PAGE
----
working out, woman sitting with Bible

Working out, body and soul: A guide for praying always

Everyone knows the importance of regular exercise. Working out keeps you trim and toned. It also strengthens your heart and lungs and builds endurance. We are both physical and spiritual creatures. Working out the body won’t do us much good if we neglect the health and strength of our souls. Here is a daily workout that will keep you spiritually healthy.

Warm-up

Warming up before any serious exercise is critical. These gentle movements get the blood flowing to the muscles. Skipping the warm-up and rushing right to the heavy lifting leads to injuries.

In the same way, we often wake up anxious about the day, checking the clock and making to-do lists. We end up lifting the weight day without a proper warm-up. A good spiritual warm-up involves offering to God all your “prayers, works, joys, and sufferings” of the day. You can personalize your offering, presenting God your household duties, work commute or interactions with that miserable coworker.

Offering these to God first thing in the morning reminds you they’re gifts God has given you, not just burdens to carry. This sanctifies your efforts and provides many opportunities to grow in grace.

Strength training

Lifting weights is essential to building muscle, kick-starting your metabolism and supporting your body’s frame. The wonderful thing about working out with weights is that the body continues to grow stronger hours after the workout ends.

The spiritual equivalent is mid-day prayer. Instead of eating lunch at your desk or joining coworkers at the deli, take a walk. Sit in your car. Find someplace to be alone with God for a few minutes. Many people simply bow their heads to remember Jesus’s sacrifice. Others pray the Prayer of St. Francis, “Lord, make me an instrument of your peace….”

In the same way strength training replaces fat with muscle, this afternoon prayer break will burn off worry and frustration and replace them with thoughts of praise, love and gratitude.

Cardio

Cardio exercise, getting your heart pumping, helps you stay lean and build endurance for difficult tasks. You can also do cardio a little at a time throughout the day, such as taking the stairs instead of the elevator, parking far from the front door or marching in place doing dishes.

You can do spiritual cardio too. By making simple aspirations in your heart, you are in constant conversation with God. Aspirations are little prayers, just a few words you can say any time. For example, “My Jesus, I trust in you,” “O God, have mercy,” “Thank you, Lord, for your blessings.” You might write short Scripture verses in your planner to read throughout the day. Although these are little prayers, they build a habit of calling on our loving God that becomes natural when troubles arise. This is spiritual endurance.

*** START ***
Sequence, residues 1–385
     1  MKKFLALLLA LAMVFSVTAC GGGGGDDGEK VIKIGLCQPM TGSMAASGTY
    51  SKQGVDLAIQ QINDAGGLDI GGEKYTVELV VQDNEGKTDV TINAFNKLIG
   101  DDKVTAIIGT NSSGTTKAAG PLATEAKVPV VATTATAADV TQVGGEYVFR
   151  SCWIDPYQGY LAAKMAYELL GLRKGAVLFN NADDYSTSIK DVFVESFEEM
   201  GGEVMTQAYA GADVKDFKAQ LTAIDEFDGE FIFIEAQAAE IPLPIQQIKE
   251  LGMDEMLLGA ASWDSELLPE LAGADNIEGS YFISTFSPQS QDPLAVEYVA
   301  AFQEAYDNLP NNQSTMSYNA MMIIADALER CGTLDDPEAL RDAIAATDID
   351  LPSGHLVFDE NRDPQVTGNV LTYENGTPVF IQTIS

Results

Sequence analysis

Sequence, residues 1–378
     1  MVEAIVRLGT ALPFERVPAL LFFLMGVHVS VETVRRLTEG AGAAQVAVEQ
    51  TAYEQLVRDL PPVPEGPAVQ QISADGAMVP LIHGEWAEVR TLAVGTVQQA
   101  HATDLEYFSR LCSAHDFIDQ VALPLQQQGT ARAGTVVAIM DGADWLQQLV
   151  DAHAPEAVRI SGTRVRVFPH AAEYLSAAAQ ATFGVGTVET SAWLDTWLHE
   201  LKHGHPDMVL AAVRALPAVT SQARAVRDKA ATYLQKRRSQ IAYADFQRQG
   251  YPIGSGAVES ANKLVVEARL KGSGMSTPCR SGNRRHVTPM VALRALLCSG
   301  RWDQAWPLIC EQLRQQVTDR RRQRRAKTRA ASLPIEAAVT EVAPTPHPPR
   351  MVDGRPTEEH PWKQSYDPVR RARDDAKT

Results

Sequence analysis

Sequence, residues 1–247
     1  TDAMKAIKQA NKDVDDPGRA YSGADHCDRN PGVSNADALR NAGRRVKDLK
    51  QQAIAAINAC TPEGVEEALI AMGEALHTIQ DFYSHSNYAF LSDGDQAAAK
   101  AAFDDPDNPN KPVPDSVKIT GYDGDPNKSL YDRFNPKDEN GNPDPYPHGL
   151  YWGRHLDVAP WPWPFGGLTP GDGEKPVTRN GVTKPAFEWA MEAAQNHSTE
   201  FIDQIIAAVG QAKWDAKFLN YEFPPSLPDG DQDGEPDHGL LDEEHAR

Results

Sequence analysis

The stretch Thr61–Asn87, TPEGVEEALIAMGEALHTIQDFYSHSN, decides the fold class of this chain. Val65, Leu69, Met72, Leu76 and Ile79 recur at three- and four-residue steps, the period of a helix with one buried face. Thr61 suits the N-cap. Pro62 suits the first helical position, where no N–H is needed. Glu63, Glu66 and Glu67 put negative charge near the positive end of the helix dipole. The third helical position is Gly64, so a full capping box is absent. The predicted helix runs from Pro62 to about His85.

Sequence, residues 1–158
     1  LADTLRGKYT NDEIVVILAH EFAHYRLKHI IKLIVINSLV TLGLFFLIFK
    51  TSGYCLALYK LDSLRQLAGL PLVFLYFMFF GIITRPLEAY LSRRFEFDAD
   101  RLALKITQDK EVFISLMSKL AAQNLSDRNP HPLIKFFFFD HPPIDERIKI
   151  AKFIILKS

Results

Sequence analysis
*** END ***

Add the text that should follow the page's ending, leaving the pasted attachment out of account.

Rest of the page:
The Core

Having a strong core protects your back and stabilizes your frame, not just for exercising but also for day-to-day activities like vacuuming and carrying groceries. People who do planks, pushups and crunches while working out are more flexible, have better balance and are less prone to back injuries. They also see a transformation in their bodies.

The core of what we believe is in Scripture. Even if you feel like you can’t fit one more thing into your day, make time for daily Bible reading. It is essential for life balance, to avoid sin that can paralyze your faith journey and to see God’s will in everything that comes your way.

Rest and hydration

You don’t need a personal trainer to know how important it is to rest and stay hydrated. Sore muscles, weakness and cramping occur when you don’t take time to recuperate and replenish your fluids after working out.

Your spiritual life requires rest, too. It is even more important to spend quiet time with God than it is to recover from a physical workout. Resting in God is what we’re meant to do, to be at peace in his presence, to be open to his love for us. Sitting in silence is not a sign of weakness or a waste of time any more than is getting a good night’s sleep. You don’t have to talk. Just drink in his great love for you and allow him to refresh your soul.

Cool down and stretch

Finally, after working out in any capacity, it’s important to cool down and stretch. This helps reduce the fatigue in your muscles and speeds recovery. Without stretching, you might be sore for days. You might even tear a tight muscle, preventing you from doing even normal activities.

Spiritually, you need to stretch at the end of the day by examining your conscience. Starting all the way back to when you made your morning offering, trace through the day, your conversations, your opportunities to make good or bad choices. Have a conversation with God about it. Acknowledge the moments you aren’t proud of, the things you could’ve done differently. Ask his forgiveness and his help.

Confession is a gift to us, an offering of forgiveness and mercy. Like a good massage, confession allows Jesus to press deep into our souls and work out the kinks. Confessing our sins reconciles us with God and gives us grace to resist temptation.

Make the time

St. Francis de Sales said, “Everyone needs half an hour of prayer each day. Except when we’re busy—then we need an hour.” If we’re willing to set aside thirty to sixty minutes a day to exercise our bodies, we should also be willing to spend time to strengthen and tone our souls. The rewards are eternal.

Published by Hot Mess Press